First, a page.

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Organizational Behavior (MD2) Cheat Sheet (DRAFT) by

CH 7-11 on Managing People and Organizations

This is a draft cheat sheet. It is a work in progress and is not finished yet.

McClel­land’s Theory of Needs

A theory that achiev­ement, power, and affili­ation are three important needs that help explain motivation

Two-Factor Theory (need focused)

Motivation (emphasize factors associated with the work itself or with outcomes directly derived from it) and hygiene (Job Condit­ions) are two factors people base job satisf­action.

Hierarchy of Needs Theory

Within every human being there is a hierarchy of five needs:
•Physi­olo­gical. bodily needs. 

•Safet­y-s­ecu­rity. Security and protection from physical and emotional harm. 


•Esteem: Internal factors (self-­res­pect, autonomy, and achiev­ement), and external factors (status, recogn­ition, and attention) 

•Self-­act­ual­iza­tion. Drive to become what we are capable of becoming; includes 
growth, achieving our potential, and self-f­ulf­ill­ment.

Motivation Potential Score

Predictive analytic using JCM elements


Work Arrang­ements to Motivate Employees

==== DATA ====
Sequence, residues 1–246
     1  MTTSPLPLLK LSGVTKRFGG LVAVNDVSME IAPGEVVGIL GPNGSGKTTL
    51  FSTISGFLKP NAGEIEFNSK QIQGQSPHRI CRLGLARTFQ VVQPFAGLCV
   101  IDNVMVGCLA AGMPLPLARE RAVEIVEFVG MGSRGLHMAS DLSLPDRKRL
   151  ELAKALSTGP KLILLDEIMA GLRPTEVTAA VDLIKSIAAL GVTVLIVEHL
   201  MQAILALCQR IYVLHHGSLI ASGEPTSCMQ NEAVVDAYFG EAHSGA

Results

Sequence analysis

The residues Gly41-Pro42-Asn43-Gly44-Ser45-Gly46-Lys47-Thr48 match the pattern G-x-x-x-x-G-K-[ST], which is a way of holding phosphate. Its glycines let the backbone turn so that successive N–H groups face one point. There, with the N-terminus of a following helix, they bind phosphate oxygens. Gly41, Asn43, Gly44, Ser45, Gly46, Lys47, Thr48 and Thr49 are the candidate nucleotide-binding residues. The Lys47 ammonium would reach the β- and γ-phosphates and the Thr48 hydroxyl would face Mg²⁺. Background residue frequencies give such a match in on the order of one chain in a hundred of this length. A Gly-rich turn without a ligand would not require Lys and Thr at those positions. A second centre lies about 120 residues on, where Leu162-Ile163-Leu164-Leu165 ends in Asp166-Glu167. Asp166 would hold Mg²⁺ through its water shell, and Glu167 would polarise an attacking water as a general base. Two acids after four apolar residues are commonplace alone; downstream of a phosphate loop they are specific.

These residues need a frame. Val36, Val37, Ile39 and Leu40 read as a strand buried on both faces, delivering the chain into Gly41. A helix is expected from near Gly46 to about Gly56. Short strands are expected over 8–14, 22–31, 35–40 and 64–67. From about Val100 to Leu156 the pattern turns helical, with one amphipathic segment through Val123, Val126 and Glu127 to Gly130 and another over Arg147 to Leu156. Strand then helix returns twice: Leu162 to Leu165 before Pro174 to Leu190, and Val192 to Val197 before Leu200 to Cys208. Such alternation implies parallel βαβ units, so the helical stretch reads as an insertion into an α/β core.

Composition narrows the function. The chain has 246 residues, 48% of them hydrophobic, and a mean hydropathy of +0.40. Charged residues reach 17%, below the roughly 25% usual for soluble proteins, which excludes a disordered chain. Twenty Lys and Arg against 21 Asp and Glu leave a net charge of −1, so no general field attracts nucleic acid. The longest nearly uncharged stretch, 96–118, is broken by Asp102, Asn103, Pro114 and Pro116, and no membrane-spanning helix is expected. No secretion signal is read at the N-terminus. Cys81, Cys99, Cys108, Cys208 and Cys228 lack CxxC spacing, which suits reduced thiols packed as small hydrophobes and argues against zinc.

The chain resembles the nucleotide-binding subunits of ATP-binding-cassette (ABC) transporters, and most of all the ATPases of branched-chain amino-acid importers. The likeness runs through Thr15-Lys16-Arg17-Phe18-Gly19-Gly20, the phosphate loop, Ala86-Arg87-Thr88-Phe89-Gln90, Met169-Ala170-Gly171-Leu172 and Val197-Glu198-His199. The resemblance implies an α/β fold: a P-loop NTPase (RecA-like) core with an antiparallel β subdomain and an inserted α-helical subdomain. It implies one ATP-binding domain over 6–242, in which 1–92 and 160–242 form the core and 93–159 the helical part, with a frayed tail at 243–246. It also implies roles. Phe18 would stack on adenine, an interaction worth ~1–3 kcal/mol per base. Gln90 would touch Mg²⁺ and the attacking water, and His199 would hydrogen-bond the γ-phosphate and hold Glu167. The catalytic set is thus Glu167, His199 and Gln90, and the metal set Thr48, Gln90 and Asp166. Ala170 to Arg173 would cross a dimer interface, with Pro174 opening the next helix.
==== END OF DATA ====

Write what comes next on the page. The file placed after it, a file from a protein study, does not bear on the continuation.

Job Sharing
Partic­ipative management
Repres­ent­ative management
Pay structure

Job Charac­ter­istics Model

Skill variety
Task identity
Task signif­icance
Work structured has a big impact on an indivi­dual’s motiva­tion. These are five core job dimens­ions.

Contem­porary Theories of Motivation

Self-D­ete­rmi­nation Theory
Proposes that people prefer to feel they have control over their actions. Extrinsic rewards for employees are not viewed as coercive, but instead provide inform­ation about competence and relate­dness
Goal Setting Theory
Clear and difficult goals often lead to higher levels of employee produc­tivity
Self-e­fficacy theory
An indivi­dual’s belief that he or she is capable of performing a task.
Reinfo­rcement theory
A theory that behavior is a function of its conseq­uences. • Behavi­orism - A theory that behavior follows stimuli in a relatively unthinking manner. • Social­-le­arning theory
The view that we can learn through both observ­ation and direct experi­ence.
Equity Theory/ Organi­zat­ional Justice
that indivi­duals compare their job inputs and outcomes with those of others and then respond to eliminate any inequi­ties.
Expectancy Theory
the strength of a tendency to act in a certai­n
way depends on
the strength of an expect­ation that the act will be followed by a given outcome and on the attrac­tiv­eness of that outcome to the individual